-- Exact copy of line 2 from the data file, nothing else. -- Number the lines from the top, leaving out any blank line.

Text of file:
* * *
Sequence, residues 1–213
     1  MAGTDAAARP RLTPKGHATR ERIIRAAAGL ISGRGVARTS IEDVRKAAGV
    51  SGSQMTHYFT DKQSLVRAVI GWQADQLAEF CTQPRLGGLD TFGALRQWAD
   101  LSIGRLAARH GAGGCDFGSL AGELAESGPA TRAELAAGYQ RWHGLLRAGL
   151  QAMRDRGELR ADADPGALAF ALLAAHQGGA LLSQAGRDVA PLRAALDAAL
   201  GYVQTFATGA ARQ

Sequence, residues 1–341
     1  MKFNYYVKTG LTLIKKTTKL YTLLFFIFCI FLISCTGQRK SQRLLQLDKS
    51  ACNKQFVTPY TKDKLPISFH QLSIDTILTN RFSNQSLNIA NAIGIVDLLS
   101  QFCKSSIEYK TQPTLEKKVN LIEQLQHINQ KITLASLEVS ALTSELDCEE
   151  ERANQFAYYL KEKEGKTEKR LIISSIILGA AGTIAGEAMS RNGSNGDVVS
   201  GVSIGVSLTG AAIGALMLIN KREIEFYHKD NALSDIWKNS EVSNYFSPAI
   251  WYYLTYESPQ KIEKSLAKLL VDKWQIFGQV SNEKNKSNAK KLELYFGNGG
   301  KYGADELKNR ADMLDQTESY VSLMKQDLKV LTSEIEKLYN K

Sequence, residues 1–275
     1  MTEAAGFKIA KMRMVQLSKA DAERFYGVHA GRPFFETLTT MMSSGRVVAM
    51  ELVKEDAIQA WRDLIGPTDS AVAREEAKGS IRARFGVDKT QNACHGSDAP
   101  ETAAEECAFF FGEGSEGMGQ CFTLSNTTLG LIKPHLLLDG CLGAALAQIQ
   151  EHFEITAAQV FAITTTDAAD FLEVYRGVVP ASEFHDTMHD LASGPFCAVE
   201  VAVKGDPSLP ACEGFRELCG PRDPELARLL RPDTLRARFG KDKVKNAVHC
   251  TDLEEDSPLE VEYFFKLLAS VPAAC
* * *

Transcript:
     1  MAGTDAAARP RLTPKGHATR ERIIRAAAGL ISGRGVARTS IEDVRKAAGV